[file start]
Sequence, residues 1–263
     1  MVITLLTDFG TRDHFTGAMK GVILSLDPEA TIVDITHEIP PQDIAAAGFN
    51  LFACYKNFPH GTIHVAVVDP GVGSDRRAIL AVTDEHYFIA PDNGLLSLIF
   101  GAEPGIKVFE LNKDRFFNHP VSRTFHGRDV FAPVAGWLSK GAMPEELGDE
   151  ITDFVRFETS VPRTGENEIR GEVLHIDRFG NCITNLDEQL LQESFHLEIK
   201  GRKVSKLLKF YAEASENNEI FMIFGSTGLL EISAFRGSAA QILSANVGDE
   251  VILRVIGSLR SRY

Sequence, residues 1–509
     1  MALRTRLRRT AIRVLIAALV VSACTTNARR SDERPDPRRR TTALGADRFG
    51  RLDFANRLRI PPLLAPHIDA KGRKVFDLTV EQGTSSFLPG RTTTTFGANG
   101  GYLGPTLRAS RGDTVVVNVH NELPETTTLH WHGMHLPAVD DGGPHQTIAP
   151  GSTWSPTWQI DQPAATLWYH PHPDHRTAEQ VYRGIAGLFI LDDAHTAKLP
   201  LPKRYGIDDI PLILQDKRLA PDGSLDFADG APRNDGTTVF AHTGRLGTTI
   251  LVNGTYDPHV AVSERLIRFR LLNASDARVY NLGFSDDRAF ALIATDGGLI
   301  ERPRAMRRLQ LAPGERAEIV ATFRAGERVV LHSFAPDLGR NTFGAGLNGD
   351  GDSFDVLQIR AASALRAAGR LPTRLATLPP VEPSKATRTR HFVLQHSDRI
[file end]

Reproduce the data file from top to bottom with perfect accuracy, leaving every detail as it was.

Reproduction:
Sequence, residues 1–263
     1  MVITLLTDFG TRDHFTGAMK GVILSLDPEA TIVDITHEIP PQDIAAAGFN
    51  LFACYKNFPH GTIHVAVVDP GVGSDRRAIL AVTDEHYFIA PDNGLLSLIF
   101  GAEPGIKVFE LNKDRFFNHP VSRTFHGRDV FAPVAGWLSK GAMPEELGDE
   151  ITDFVRFETS VPRTGENEIR GEVLHIDRFG NCITNLDEQL LQESFHLEIK
   201  GRKVSKLLKF YAEASENNEI FMIFGSTGLL EISAFRGSAA QILSANVGDE
   251  VILRVIGSLR SRY

Sequence, residues 1–509
     1  MALRTRLRRT AIRVLIAALV VSACTTNARR SDERPDPRRR TTALGADRFG
    51  RLDFANRLRI PPLLAPHIDA KGRKVFDLTV EQGTSSFLPG RTTTTFGANG
   101  GYLGPTLRAS RGDTVVVNVH NELPETTTLH WHGMHLPAVD DGGPHQTIAP
   151  GSTWSPTWQI DQPAATLWYH PHPDHRTAEQ VYRGIAGLFI LDDAHTAKLP
   201  LPKRYGIDDI PLILQDKRLA PDGSLDFADG APRNDGTTVF AHTGRLGTTI
   251  LVNGTYDPHV AVSERLIRFR LLNASDARVY NLGFSDDRAF ALIATDGGLI
   301  ERPRAMRRLQ LAPGERAEIV ATFRAGERVV LHSFAPDLGR NTFGAGLNGD
   351  GDSFDVLQIR AASALRAAGR LPTRLATLPP VEPSKATRTR HFVLQHSDRI